Human interest--This may cover anything from the heart-warming “firefighters rescue ducklings that fell down the storm drain” to a heart-wrenching tragedy. Conflict is often of interest, e.g., a fight between two men in a convenience store escalates to a shooting

     Effect (or the verbal form, affect)--The more people an event affects the most newsworthy it’s likely to be

     Important people--If I fall down the stairs today and break my leg, it’s not newsworthy. If the president does, it’s a big story

     Closeness--This refers to physical proximity. In the scenario above where you saved two people your local news outlets will find the event newsworthy. Not so much so for news outlets on the other side of the country

     Unusualness--Again, this concept is obvious. The more unusual an event is the more likely it is to be newsworthy. For example, each day about 30,000 commercial airplane flights take place in the U.S. They all routinely take off, reach their destination, and land safely. No news outlet covers those flights. But if one crashes, it’s unusual and therefore newsworthy

This is not to say that news people consciously run through all six news values when considering a story idea. The process becomes second nature. They automatically use news values as filters to decide what events make the news.

What if the TV station had used news values to sift through the Feb. 24, 2021 events? Regarding the golfer, they might have thought:

     Timeliness--The story isn’t timely because the crash happened yesterday. We reported the incident then

     Human interest--There’s certainly some human interest. A lot of people like the golfer. But a lot of people don’t, so there’s some conflict

     Effect or affect--The story only significantly affects one person

     Important people--The golfer is important in his sport, but not in the grand scheme of life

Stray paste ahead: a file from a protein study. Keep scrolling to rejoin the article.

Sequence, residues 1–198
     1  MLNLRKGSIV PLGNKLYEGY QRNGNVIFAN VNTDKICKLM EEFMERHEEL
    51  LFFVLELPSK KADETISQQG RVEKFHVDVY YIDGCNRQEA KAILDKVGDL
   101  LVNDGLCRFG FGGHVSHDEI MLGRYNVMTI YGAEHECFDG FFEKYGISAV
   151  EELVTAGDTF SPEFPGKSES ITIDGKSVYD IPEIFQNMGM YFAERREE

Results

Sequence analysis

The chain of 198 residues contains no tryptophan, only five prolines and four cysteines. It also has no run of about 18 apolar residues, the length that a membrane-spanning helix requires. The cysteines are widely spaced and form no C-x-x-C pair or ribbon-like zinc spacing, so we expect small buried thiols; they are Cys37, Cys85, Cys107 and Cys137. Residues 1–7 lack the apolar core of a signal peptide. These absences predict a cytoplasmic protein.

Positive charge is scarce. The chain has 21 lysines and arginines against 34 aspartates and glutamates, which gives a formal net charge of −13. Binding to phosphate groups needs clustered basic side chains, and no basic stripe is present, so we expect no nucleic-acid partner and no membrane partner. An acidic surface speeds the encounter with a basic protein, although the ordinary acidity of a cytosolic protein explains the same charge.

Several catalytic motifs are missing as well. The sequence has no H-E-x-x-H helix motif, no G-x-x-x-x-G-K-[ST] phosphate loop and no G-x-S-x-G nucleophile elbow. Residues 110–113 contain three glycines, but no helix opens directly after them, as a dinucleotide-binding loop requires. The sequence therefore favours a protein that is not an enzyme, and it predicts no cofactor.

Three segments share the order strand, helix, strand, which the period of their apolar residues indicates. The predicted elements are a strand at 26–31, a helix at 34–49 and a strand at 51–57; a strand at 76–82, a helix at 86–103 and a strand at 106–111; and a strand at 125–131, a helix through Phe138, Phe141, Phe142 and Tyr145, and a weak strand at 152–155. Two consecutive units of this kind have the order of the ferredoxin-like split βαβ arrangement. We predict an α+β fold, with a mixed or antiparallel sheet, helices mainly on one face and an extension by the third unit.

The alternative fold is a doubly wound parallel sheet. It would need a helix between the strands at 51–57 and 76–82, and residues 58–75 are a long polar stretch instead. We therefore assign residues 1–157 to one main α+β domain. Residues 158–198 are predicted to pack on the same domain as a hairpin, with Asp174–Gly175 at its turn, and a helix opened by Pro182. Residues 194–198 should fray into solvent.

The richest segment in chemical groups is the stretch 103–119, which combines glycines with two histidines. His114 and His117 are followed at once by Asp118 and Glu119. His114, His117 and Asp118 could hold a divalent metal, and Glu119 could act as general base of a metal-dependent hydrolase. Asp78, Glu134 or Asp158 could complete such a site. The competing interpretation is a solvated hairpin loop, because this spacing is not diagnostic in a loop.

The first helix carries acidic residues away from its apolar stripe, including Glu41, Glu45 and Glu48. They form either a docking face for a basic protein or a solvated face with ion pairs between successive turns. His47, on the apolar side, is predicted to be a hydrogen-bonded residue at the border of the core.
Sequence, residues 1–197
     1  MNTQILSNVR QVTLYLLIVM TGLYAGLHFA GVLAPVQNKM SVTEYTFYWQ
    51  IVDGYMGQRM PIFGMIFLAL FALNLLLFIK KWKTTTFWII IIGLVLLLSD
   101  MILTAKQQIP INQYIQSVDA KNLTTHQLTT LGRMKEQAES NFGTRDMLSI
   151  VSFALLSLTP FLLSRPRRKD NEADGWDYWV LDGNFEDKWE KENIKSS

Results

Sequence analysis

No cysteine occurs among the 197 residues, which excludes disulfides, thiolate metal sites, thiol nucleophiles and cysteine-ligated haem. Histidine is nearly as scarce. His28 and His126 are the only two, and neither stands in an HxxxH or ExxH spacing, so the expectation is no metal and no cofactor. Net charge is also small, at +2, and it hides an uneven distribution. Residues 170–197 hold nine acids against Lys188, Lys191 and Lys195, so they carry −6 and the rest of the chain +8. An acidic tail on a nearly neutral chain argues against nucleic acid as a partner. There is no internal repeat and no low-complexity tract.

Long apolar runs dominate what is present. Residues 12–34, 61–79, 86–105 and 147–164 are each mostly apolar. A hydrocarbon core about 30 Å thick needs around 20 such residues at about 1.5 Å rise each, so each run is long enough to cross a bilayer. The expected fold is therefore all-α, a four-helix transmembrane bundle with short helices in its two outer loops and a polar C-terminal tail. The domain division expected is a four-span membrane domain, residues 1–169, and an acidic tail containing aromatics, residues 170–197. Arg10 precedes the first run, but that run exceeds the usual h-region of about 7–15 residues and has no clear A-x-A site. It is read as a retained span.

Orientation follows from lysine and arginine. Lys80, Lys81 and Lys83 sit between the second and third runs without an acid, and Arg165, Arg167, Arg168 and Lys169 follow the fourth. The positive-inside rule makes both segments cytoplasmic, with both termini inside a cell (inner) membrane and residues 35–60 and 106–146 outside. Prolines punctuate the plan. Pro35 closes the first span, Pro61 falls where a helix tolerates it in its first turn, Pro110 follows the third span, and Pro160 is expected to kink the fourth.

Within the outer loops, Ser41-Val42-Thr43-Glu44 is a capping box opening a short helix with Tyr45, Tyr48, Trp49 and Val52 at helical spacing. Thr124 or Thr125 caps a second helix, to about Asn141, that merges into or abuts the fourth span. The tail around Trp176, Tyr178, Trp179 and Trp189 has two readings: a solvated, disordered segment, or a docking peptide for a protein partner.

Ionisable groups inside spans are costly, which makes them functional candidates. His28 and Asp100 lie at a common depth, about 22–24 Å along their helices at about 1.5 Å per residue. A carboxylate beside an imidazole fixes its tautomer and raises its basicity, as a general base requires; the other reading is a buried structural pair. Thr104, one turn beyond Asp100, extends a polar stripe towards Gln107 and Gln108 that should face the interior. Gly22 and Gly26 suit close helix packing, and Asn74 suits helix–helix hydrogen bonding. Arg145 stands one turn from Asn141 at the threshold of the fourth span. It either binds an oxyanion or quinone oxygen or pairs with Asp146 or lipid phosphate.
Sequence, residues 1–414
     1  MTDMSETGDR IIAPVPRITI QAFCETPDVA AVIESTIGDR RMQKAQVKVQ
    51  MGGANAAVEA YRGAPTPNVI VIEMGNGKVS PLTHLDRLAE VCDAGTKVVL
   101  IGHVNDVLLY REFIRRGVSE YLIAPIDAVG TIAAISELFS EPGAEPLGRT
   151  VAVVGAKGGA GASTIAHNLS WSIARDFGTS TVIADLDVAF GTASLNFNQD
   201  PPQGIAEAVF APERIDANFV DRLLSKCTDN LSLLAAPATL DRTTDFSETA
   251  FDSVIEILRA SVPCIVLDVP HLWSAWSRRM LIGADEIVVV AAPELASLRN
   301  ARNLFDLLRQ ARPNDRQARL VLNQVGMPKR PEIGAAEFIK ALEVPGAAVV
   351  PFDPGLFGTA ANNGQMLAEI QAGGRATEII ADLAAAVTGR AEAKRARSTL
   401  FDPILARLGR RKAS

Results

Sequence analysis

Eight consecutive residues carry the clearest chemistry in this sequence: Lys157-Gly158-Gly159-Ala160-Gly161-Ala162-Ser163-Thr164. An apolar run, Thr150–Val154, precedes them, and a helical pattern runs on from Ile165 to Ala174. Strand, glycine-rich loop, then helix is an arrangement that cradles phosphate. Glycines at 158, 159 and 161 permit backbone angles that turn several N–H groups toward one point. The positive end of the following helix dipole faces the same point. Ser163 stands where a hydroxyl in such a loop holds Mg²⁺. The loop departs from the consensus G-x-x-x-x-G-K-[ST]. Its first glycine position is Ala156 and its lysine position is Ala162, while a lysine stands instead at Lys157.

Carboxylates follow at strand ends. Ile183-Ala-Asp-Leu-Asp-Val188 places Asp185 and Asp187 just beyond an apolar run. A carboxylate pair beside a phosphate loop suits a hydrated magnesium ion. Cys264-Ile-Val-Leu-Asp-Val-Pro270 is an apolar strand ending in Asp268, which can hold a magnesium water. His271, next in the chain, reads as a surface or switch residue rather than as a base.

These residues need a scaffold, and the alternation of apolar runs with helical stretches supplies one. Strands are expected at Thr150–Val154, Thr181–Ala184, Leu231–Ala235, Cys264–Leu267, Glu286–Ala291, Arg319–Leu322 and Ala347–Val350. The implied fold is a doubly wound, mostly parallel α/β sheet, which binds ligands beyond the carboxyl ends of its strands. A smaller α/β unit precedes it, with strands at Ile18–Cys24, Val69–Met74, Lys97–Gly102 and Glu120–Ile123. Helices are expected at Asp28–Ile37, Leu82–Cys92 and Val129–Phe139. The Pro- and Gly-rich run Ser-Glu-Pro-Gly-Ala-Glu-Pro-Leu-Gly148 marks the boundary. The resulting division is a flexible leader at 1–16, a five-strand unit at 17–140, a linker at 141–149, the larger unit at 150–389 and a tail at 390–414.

Closeness--For most viewers, the story wasn’t local

     Unusualness--Yes, the incident was unusual

But in contrast, consider the Covid-19 story:

     Timeliness--It’s obviously timely

     Human interest--There’s a ton of interest; most everyone knows someone who had/has Covid. Many even know someone who has died, or they are afraid of getting the disease themselves. And then there’s the “there is no such thing as Covid” crowd, and that’s conflict

     Effect or affect--The story affects virtually everyone

     Important people--It has an impact on everyone, whether they’re “important” or not

     Closeness--It’s happening near everyone

     Unusualness--It’s unusual; no one alive today in the United States has lived through a pandemic like this one

Would applying the news values have changed the station’s mind about what to lead with?

Now that you know about news values, let’s return to our lead scenario: it’s Feb. 24, 2021. Which of these stories would you lead your broadcast with?

     Covid-19 is raging across the country
     The FDA announced today that Johnson & Johnson’s Covid-19 vaccine is safe and effective
     An investigation into the Jan. 6 attack on the U.S. capitol building is expanding
     The U.S. stock market closed at a record high today

Running the story ideas through the filter of news values will help you make your decision. And now you can use news values to help decide what topics most interest your potential readers.

Written by Readers’ Favorite Reviewer Joe Wisinski